Bill Lindsley 1:32:40
I agree with everything that’s been said. Unfortunately, we are likely to encounter some unpleasant surprises in the future.
Kenneth Martinez 1:32:48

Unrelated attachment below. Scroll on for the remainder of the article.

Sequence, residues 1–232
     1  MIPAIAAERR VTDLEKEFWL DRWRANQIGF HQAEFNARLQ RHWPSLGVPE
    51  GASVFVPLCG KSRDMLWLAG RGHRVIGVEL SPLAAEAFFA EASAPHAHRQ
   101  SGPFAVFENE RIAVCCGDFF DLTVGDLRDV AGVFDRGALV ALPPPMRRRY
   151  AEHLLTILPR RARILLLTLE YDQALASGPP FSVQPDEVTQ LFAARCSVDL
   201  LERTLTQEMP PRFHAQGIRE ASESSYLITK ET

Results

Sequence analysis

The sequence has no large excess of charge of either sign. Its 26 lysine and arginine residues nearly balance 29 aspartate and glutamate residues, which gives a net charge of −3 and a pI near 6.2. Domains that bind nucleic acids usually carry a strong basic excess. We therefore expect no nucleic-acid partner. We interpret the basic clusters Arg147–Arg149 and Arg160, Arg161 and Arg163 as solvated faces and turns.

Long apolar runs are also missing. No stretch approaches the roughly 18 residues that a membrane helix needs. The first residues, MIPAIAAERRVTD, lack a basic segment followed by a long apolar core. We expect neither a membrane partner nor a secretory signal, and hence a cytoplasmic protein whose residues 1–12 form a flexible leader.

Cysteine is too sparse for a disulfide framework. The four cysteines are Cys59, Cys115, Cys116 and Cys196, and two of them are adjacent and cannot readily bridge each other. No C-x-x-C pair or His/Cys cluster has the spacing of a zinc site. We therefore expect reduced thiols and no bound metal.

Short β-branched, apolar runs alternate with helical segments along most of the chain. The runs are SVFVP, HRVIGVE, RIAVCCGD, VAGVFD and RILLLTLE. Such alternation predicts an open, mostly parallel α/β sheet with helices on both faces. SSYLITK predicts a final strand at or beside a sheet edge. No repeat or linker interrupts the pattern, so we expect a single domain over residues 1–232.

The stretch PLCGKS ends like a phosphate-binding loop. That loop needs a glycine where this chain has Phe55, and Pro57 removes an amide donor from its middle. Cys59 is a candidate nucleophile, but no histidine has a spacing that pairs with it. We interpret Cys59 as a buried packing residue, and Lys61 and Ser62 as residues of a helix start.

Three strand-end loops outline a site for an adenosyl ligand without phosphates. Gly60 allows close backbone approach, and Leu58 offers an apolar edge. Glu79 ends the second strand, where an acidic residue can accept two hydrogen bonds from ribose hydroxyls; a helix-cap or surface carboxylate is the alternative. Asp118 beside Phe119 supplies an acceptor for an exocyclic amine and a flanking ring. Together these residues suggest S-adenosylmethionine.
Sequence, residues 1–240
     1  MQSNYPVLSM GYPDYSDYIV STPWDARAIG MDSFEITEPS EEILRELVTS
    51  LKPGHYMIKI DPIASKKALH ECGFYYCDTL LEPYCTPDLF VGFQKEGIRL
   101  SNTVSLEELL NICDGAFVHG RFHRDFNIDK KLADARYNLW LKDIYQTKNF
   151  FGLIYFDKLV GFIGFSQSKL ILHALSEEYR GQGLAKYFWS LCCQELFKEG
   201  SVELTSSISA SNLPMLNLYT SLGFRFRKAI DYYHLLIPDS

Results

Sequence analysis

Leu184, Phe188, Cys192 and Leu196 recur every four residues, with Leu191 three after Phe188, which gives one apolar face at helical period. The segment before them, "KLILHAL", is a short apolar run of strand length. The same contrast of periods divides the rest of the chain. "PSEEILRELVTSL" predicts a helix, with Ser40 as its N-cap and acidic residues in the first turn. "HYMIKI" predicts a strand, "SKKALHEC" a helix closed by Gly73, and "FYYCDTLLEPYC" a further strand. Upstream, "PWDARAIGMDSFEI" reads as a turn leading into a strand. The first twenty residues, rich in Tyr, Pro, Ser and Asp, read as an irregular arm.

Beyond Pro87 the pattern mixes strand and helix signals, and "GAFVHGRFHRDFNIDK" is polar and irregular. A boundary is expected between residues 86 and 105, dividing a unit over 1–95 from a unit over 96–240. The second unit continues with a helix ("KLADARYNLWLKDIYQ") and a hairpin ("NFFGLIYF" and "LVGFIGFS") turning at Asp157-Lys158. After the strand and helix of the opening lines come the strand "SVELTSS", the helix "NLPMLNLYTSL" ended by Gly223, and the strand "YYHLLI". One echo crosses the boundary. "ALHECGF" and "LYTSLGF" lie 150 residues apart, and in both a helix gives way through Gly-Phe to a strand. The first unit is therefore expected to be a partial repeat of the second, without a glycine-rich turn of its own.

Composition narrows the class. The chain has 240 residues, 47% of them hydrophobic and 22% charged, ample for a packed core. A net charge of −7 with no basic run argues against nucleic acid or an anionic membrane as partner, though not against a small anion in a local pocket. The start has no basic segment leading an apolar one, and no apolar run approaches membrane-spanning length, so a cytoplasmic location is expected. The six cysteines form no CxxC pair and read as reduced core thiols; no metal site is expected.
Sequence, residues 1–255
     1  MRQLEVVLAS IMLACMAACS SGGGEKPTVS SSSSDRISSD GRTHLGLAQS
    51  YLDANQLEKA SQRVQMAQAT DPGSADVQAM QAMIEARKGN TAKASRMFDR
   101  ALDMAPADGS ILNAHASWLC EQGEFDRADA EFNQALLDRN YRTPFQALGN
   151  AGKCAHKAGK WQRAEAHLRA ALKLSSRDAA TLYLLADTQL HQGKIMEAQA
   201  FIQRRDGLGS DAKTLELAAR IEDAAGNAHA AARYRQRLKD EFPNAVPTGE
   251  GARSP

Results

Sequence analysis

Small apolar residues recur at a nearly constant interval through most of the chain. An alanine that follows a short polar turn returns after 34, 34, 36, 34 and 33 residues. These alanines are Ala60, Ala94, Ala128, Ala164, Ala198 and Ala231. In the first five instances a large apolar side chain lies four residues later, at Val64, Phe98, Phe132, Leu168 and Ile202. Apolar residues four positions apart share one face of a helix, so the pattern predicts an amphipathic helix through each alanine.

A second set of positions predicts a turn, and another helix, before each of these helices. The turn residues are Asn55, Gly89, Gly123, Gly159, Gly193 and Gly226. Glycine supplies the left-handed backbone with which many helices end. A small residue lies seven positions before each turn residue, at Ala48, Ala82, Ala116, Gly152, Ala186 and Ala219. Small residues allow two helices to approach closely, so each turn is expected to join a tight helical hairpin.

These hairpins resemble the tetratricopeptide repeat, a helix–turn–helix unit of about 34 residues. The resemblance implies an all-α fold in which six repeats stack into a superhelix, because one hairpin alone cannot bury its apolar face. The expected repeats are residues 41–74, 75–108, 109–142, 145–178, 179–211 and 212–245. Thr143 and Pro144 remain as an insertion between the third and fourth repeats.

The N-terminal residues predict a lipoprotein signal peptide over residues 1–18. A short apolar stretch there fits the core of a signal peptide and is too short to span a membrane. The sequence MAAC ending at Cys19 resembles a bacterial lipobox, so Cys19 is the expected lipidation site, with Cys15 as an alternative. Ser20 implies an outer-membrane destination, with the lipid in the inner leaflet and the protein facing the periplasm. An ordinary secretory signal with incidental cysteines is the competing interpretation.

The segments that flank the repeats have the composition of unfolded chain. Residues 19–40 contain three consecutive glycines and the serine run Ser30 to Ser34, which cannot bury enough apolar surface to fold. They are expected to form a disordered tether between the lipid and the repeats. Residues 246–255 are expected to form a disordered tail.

Alright, I’ll quickly wrap this up with an observation. I remember from Stefan’s slide deck, he mentioned CO2 concentrations. He noted that the normal CO2 rates in parts of the country are now at 450 parts per million. When I started conducting indoor air quality studies for the National Institute for Occupational Safety and Health (NIOSH) 30 years ago, the average was 250 parts per million. It’s almost doubled in that 30-year period. So, to recap today’s discussion, I want to thank our panelists for their excellent presentations and informative discussions. Thank you all for participating. In closing, I’d like to mention more about our nonprofit, the Integrated Bioscience and Built Environment Consortium. As Coby mentioned, we are focused on buildings, pathogens, and people, aiming to make a difference. We are a membership-based organization, seeking more people to join us. We have four more “lessons learned” sessions in our series, and if anyone is interested in sponsoring these along with the American Industrial Hygiene Association (AIHA), please reach out to us. We are also inviting committee members to join our leadership team and Science Advisory Board. As a member, you can participate in panel sessions like today’s, meet leading professionals in your field, and make your science and knowledge accessible to those who need safer indoor air. Our focus is on pathogens, a crucial subset of indoor air quality, especially relevant now as COVID-19 has heightened awareness of infectious diseases and their impact on our communities, families, and nations. Coby, would you like to add anything in closing? If not, thank you all for your participation. Take care, and I look forward to seeing you in a couple of months when we focus on ventilation.